• Any other White background

Mixed/Multiple ethnic groups:

  • White and Black Caribbean
  • White and Black African
  • White and Asian
  • Any other Mixed/Multiple ethnic background

Asian/Asian British:

  • Indian
  • Pakistani
  • Bangladeshi
  • Chinese
  • Any other Asian background

Black/African/Caribbean/Black British:

  • African
  • Caribbean
  • Any other Black/African/Caribbean background

Other ethnic group:

  • Arab
  • Any other ethnic group

Ethnic groups and how data on ethnicity is collected

Households living in non-decent homes by ethnicity

Percentage and number of households (in thousands) living in non-decent homes by ethnicity

Ethnicity % Number of non-decent homes ('000s) All households ('000s)
Asian
Bangladeshi 14 19 135
Chinese 23 20 87
Indian 21 98 463
Pakistani 28 93 331
Asian other 23 51 224
Black
Black African 19 78 414
Black Caribbean 19 63 334
Black other withheld because a small sample size makes it unreliable withheld because a small sample size makes it unreliable withheld because a small sample size makes it unreliable
Mixed
Mixed White/Asian withheld because a small sample size makes it unreliable withheld because a small sample size makes it unreliable withheld because a small sample size makes it unreliable
Mixed White/Black African 26 19 74
Mixed White/Black Caribbean 8 8 96
Mixed other 23 16 69
White
White British 20 3,731 19,010
White Irish 11 22 192
White Gypsy/Traveller withheld because a small sample size makes it unreliable withheld because a small sample size makes it unreliable withheld because a small sample size makes it unreliable
White other 19 213 1,129
Other
Arab 20 17 85
Any other 17 41 247

Download table data (CSV) Source data (CSV)

Summary

This data shows that:

  • in 2015 to 2017, 20% of White British households – around 3.7 million households – lived in a non-decent home (that is, their home was not in a reasonable state of repair, didn’t have reasonably modern facilities and services, or had ineffective insulation or heating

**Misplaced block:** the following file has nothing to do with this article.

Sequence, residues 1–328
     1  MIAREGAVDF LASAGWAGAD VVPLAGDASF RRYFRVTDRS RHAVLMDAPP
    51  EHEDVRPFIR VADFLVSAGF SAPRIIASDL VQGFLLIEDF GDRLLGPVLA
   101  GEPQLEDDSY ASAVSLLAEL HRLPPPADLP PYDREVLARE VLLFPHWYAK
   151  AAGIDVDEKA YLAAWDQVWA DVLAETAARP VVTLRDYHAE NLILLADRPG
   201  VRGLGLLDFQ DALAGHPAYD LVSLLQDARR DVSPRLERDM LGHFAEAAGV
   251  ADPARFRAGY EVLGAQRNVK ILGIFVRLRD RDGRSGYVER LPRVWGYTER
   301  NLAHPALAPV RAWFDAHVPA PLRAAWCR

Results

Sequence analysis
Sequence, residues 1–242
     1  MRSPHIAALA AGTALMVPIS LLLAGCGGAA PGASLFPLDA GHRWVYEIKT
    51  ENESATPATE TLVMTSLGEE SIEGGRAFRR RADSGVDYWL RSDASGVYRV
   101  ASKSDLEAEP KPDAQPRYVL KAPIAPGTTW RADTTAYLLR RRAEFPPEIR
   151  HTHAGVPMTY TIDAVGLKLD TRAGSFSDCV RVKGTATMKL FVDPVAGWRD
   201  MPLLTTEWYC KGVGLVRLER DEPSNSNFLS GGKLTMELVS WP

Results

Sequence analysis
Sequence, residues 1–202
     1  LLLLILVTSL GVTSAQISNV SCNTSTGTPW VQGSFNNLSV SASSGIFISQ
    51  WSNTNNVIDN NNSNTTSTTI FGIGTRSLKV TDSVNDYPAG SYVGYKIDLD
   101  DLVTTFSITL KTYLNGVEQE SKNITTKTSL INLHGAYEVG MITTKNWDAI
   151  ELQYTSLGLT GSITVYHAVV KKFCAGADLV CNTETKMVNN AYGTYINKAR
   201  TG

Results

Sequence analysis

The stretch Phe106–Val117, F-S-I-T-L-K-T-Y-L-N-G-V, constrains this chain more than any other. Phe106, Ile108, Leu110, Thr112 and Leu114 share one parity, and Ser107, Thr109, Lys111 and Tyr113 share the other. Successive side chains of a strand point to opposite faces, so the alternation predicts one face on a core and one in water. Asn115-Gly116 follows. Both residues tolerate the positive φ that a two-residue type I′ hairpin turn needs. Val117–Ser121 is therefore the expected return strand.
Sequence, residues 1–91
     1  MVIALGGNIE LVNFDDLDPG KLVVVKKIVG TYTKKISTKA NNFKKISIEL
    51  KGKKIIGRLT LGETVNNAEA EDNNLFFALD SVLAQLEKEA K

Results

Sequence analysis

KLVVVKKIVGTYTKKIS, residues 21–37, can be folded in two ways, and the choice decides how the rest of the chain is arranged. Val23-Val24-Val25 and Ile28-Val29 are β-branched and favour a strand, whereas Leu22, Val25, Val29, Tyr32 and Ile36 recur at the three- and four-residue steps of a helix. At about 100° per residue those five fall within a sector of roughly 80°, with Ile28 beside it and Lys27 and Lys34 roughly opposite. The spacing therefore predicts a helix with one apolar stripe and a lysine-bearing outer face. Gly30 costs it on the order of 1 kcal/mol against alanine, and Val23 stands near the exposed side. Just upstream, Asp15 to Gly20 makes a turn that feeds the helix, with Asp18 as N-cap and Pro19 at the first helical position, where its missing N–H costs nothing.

• White Irish, and Mixed White and Black Caribbean households were less likely to live in non-decent homes compared with White British households, at 11% and 8% respectively

Methodology

Methodology

The English Housing Survey involves face-to-face interviews with a random sample of about 13,300 households a year.

The dwellings of about 6,000 of the interviewed households are randomly selected to take part in the physical survey element carried out by a qualified surveyor. In addition, a random sample of around 200 of the dwellings identified by the interviewer as vacant are also included in the physical survey element.

Weighting:

Weights are applied to the sample to produce estimates for the 23 million households in England as a whole.

Suppression rules and disclosure control

Estimates based on fewer than 30 households have not been included in these statistics, because small numbers of households make it impossible to draw meaningful conclusions.

More detailed data, including some potentially disclosive data, is protected by a range of disclosure controls. See the guidance on English Housing Survey datasets for information accessing this data.

Rounding

Percentages shown in the charts and tables are rounded to the nearest whole number. Download the data to see figures rounded to 1 decimal place.

Figures for the numerator and denominator are weighted and rounded to the nearest whole number in the download files. Therefore, calculations of the percentages using these values may differ to the percentage figures shown on this page, which have been calculated using unrounded figures.

Related publications

English Housing Survey information and publications.

Quality and methodology information

Data sources

Source

Type of data

Survey data

Type of statistic

National Statistics

Publisher

Ministry of Housing, Communities and Local Government

Publication frequency

Yearly

Purpose of data source

The English Housing Survey is a continuous national survey commissioned by the Ministry of Housing, Communities and Local Government (MHCLG). It collects information about people’s housing circumstances and the condition and energy efficiency of housing in England.

Download the data

Households living in non-decent homes - Spreadsheet (csv) 3 KB

This file contains the following: measure, time, time-type, ethnicity, ethnicity type, geography, numerator, value, denominator, sample size